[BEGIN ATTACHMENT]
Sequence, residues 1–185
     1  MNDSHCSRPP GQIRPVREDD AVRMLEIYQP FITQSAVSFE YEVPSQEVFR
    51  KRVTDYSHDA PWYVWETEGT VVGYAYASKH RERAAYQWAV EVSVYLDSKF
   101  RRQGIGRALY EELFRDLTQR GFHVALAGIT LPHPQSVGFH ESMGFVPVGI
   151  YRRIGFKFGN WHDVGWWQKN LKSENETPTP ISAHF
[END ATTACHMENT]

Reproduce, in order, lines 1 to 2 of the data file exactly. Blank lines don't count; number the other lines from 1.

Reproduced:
Sequence, residues 1–185
     1  MNDSHCSRPP GQIRPVREDD AVRMLEIYQP FITQSAVSFE YEVPSQEVFR